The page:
Hysteroscopy is the process of using a viewing scope to examine the interior of the uterus along with the cervical canal. The scope is inserted through the vagina and into the cervical opening. The procedure can be performed as an aid in the diagnosis of problems with the uterus, or it may be combined with simple surgical techniques for treatment purposes.
Since hysteroscopy examines the interior (lining) of the uterus, it is not appropriate for examination or diagnosis of problems or conditions that occur within the muscular wall or on the outside of the uterus. While hysteroscopy allows visualization of the openings to the Fallopian tubes to the uterine cavity, it does not allow for direct examination of the Fallopian tubes.
Hysteroscopy is one procedure that your doctor may consider for the evaluation and/or treatment of a number of different conditions, including abnormal vaginal bleeding, polyps or tumors inside the uterus, anatomic abnormalities, scarring following previous surgical procedures such as dilation and curettage (D&C), and retained placenta. It can also be used for surgical sterilization and to guide the physician to localize an area for endometrial (uterine lining) biopsy.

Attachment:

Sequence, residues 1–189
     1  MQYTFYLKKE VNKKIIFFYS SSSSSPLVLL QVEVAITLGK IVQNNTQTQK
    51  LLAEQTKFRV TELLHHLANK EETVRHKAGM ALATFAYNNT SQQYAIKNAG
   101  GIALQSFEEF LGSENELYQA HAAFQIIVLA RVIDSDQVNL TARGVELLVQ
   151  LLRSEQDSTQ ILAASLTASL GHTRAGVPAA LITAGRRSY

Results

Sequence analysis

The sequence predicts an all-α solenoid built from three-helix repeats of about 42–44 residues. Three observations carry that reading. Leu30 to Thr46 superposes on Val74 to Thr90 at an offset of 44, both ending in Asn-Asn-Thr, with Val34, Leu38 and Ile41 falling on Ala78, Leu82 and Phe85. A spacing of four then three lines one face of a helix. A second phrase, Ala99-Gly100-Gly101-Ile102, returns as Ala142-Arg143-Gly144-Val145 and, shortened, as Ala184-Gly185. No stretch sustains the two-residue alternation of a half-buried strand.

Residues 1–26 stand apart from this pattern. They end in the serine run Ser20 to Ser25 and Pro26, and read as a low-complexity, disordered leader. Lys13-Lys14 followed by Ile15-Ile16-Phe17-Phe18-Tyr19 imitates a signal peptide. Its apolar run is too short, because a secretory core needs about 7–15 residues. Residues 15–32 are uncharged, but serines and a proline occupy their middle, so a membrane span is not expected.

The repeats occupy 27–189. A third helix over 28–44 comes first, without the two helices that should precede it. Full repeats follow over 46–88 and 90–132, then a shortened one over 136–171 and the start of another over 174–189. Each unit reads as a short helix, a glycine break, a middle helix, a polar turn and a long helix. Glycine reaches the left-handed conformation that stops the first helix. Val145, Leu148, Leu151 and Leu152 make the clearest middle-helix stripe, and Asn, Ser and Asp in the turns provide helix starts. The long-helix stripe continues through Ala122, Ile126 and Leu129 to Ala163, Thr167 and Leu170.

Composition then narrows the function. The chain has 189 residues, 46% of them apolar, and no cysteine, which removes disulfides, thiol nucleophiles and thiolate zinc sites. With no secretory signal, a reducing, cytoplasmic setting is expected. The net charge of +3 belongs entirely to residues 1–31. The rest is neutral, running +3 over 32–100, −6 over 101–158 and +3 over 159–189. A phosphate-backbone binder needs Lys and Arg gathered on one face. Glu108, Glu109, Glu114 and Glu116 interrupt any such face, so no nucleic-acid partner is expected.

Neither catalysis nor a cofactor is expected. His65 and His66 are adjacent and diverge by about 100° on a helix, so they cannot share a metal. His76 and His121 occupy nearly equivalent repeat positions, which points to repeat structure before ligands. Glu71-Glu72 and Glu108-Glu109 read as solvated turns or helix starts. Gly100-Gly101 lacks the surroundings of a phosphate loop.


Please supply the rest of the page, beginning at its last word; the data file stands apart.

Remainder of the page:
Hysteroscopy should not be attempted if a woman is pregnant or has an active pelvic infection. It should also not be performed in women who have uterine or cervical cancer. In addition, obstruction (stenosis) of the cervical opening may make it difficult or impossible to perform hysteroscopy.
Prior to the procedure, the doctor will usually perform a thorough physical examination, including a pelvic examination.
Depending upon the purpose of the hysteroscopy and the individual patient's health status, hysteroscopy may be performed in the office or an outpatient surgery department. In most procedures performed in a clinic, no special preparation is necessary. Less commonly, hysteroscopy may be performed in the operating room, especially when it is combined with surgical procedures. The doctor will advise the patient regarding preparation for surgery and the need for anesthesia before such procedures are performed.
Medically Reviewed by a Doctor on 12/15/2015
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